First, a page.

Two groundbreaking studies in Africa have shown that partners of people who have HIV can protect themselves by taking once-daily antiretroviral pills.
The Center for Disease Control and Prevention (CDC) teamed with the Botswana Ministry of Health to study and test the new antiretroviral pills that could possibly reduce the spread of AIDS.
The CDC study looked at 1,200 men and women in Botswana and found that those taking the daily pills containing Truvada lowered the risk of contracting the HIV infection by 78-percent.
The other study was conducted in Kenya and Uganda, parts of Africa where the epidemic of AIDS still runs rampant and regular condom use still continues to be rejected. A larger number of discordant heterosexual couples participated. Discordant couples are those where one partner is infected and the other is not.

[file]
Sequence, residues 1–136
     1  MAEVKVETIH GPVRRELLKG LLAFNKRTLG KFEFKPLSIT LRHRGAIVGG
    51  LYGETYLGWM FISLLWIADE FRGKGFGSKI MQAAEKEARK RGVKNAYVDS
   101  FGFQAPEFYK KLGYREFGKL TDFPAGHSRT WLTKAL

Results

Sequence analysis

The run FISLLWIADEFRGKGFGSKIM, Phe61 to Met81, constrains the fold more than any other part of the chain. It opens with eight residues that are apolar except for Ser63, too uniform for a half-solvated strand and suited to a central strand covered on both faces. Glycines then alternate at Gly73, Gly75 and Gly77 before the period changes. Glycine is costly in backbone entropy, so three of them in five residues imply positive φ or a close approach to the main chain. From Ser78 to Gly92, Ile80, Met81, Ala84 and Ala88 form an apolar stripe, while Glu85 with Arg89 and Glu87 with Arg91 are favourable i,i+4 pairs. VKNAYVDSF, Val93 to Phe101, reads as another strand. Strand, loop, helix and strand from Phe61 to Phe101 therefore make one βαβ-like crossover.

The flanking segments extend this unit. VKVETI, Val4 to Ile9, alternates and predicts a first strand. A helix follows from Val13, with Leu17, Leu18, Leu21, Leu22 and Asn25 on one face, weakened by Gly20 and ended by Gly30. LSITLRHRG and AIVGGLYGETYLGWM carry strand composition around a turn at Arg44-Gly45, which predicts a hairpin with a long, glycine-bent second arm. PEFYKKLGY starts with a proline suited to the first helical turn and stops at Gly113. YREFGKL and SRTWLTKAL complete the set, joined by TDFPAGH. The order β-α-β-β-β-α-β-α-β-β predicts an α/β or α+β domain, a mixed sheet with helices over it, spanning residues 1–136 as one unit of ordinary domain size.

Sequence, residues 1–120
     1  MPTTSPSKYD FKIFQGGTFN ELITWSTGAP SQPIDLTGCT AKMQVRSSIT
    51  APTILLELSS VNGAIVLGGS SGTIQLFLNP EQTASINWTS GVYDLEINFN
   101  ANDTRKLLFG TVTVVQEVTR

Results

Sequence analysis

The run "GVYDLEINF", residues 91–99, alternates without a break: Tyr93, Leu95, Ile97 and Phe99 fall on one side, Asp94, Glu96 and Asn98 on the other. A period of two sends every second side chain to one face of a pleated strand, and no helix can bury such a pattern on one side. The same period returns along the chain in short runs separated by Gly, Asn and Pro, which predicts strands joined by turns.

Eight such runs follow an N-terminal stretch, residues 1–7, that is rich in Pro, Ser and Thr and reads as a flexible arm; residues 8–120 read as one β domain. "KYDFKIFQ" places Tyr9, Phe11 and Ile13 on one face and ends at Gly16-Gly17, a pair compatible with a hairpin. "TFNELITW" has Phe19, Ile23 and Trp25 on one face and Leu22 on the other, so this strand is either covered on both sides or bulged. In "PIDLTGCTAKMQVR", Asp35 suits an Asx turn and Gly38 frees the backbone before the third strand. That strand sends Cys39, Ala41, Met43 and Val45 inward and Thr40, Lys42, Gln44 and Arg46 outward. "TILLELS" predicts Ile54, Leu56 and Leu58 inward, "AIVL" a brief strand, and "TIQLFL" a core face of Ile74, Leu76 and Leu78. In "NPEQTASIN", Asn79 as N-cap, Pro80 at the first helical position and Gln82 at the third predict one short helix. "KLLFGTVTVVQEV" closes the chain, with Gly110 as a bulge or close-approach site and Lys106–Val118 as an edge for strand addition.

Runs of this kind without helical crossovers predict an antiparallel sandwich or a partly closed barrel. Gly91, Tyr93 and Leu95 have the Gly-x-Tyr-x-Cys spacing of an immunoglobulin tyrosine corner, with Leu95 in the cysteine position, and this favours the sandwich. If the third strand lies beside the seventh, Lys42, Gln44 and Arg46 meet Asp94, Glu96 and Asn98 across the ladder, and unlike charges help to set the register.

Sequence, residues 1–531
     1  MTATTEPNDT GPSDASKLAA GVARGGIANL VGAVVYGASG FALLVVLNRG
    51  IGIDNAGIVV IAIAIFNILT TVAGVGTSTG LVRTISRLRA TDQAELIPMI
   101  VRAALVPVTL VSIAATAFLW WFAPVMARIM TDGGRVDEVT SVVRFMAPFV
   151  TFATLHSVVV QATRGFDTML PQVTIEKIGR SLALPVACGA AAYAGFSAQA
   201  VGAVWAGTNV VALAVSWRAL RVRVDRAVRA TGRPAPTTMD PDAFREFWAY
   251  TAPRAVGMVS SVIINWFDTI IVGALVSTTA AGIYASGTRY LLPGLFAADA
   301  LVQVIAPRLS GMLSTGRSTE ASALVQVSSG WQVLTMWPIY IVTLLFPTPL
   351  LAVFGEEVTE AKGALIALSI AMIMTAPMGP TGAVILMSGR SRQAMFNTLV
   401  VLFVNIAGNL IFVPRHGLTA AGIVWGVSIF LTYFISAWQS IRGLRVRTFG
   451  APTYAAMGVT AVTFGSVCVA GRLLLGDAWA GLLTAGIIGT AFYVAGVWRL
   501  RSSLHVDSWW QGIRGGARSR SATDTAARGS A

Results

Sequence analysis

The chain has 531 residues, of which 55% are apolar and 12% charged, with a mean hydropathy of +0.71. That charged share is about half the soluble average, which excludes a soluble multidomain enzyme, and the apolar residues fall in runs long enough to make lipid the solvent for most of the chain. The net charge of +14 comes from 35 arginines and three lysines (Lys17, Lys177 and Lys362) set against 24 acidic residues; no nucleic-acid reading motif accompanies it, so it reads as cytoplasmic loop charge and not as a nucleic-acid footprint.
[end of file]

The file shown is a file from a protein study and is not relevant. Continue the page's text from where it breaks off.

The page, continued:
The second study was an effort by Partners PrEP; the University of Washington tested daily pre-exposure of prophylaxis (PrEP) and found positive results on the effect of Truvada in reducing HIV transmission.
“Given the severity of the HIV epidemic among heterosexual men and women globally – and the critical need for female-controlled prevention methods – this study provides exciting and welcome news,” said Dr. Jonathan Mermin, director of CDC’s Division of HIV/AIDS Prevention. “The next important step is to fully review the data and assess when and how PrEP should best be used for HIV prevention among heterosexuals.”
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